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Gas Safety Trust warns of need for parity in engineer training

All Party Parliamentary Carbon Monoxide Group in process of reviewing varying training timelines to ensure more “level playing” field for gas appliance installers

The chairman of the Gas Safety Trust has identified the quality and length of some engineer training mechanisms as a critical issue to be addressed to improve safety in implementing and maintaining gas heating systems.

Chris Bielby, who also serves as industry liaison for supplier SGN, raised concerns about the current short duration of some engineer training courses that means some individuals could become gas engineers in a number of weeks. He argued that others were studying for years to become registered engineers at the same time.

Mr Bielby argued that it was possible for a gas engineer to find themselves with all the relevant papers to undertake work, yet with little to no practical experience before starting work.

“It seems ludicrous to think that these short courses can give someone the same skills and competence compared to someone who has undertaken a full two-year course,” he said.

Mr Bielby noted that the All Party Parliamentary Carbon Monoxide Group was in the process of holding an inquiry on the issue of training with the aim to develop an evidence based to push for government to create a level playing field around skills assessment.

The Gas Safety Trust chair also cited Downstream Incident Data Reports that it had funded from the last two years as highlighting the vulnerability of old people to CO exposure. In cases where a fatality may have occurred from CO poisoning, non-serviced appliances such as boilers were implicated.

Fatality stats

The recently released Downstream Incident Data Report for 2015/16, which compiles accidental cases of CO poisoning in British households from mains natural gas of piped LPG fuel, recorded 20 incidents over the period. Five of these incidents resulted in fatalities, which all occurred between September 2015 and January 2016, according to the findings.

Four of the deaths were attributed to individuals over 60 years of age and the use of piped natural gas. The other recorded fatality was an 18-year-old male that occurred as a result of an LPG space heater.

Downstream incident data for the previous 12-month period recorded four fatalities as a result of CO poisoning. All four incidents were attributed to people aged 80 or over.

Mr Bielby said the findings leant weight to concerns about the vulnerability of older people to CO exposure and potential poisoning.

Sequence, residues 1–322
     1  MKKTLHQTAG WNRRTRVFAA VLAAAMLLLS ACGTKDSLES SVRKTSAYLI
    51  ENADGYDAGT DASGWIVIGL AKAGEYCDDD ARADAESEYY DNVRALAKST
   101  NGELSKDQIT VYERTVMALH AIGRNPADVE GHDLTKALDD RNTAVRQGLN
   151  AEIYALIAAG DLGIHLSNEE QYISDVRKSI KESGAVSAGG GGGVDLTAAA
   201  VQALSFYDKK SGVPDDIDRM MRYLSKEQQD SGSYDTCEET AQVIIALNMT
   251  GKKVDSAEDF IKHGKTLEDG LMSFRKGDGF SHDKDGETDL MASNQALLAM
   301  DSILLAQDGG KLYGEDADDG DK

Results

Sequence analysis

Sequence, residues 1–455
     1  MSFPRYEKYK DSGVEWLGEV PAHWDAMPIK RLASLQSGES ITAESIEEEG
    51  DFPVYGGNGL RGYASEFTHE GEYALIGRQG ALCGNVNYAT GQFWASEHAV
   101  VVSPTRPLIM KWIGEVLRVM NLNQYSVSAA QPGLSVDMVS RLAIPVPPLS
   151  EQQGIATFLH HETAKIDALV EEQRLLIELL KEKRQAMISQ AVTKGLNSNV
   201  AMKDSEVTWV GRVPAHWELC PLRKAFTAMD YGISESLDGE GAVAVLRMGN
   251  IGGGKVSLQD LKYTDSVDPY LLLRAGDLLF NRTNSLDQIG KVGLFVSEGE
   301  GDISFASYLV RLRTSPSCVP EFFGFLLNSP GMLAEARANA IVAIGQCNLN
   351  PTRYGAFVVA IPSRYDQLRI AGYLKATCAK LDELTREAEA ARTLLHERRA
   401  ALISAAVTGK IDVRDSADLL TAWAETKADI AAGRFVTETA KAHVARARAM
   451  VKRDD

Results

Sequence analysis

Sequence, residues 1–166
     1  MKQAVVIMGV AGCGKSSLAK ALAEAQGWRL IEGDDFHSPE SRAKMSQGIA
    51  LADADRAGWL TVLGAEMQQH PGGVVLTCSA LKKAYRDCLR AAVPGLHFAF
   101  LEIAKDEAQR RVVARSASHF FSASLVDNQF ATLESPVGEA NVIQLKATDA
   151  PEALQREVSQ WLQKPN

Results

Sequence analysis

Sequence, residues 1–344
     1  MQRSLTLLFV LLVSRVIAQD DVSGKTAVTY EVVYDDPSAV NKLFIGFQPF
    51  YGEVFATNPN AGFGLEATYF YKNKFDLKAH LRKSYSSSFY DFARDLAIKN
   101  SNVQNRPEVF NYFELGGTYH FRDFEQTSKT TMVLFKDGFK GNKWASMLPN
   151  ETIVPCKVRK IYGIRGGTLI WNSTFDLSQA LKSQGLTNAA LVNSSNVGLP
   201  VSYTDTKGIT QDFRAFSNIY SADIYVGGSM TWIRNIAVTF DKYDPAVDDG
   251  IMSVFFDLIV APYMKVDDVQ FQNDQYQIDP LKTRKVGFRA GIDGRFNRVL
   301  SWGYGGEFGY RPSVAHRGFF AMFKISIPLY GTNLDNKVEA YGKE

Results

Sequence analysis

He said, “This chimes with other work we are funding elsewhere which is identifying vulnerable older people and those in fuel poverty as particularly at risk.  We would urge people to make sure that their appliances are serviced by a Gas Safe registered engineer and that an audible CO alarm tested to the standard EN 50291 is installed as a second line of defence.”

Following on from the publication last month of the government’s Clean Growth Plan strategy, which also outlines new boiler standards to monitor performance, Mr Selby’s calls will appear timely.

“I believe that time is right for government to hold a boiler replacement scheme, which would improve not only gas safety but also improve energy efficiency and help the government achieve its carbon reduction targets,” he said.

This year’s Gas Safety Week, which took place between September 18 and September 24, played up the importance of broader heating industry and installer support for education schemes. These schemes would promote the proper use and maintenance of gas heating systems as a means of tackling potentially hazardous developments such as CO poisoning.

Gas Safety Week also saw a cross-party selection of MPs lending support to possible legislative change that would mandate CO alarms into new build and rented properties.

Mr Bielby said that the Gas Safety Trust has also participated in an inquiry held by the All Party Parliamentary CO Group over implementing alarms to detect presence of the gas. The process has recommended that rented properties in England and Wales must have audible CO alarms that are tested to the EN 50291 standard. This would bring regulations in line with laws in Scotland and Northern Ireland.

“This would bring clarity for landlords as well as make rented homes in England and Wales as safe as those in Scotland and Northern Ireland,” added Mr Bielby.

He added that the trust would continue to try and bring together knowledge and data to support the gas appliance industry and regulators in campaigns focused on safety.

“We do that through the research and data collection we fund directly, through the workshops we facilitate, and through our CO Portal,” said Mr Bielby.

“Although some of the research we are funding is yet to finish, we are optimistic that our research will feed into the policy debate, improving safety regulation and legislation as well as improving the procedures and ways of working within our industry and the medical and healthcare fraternity.”

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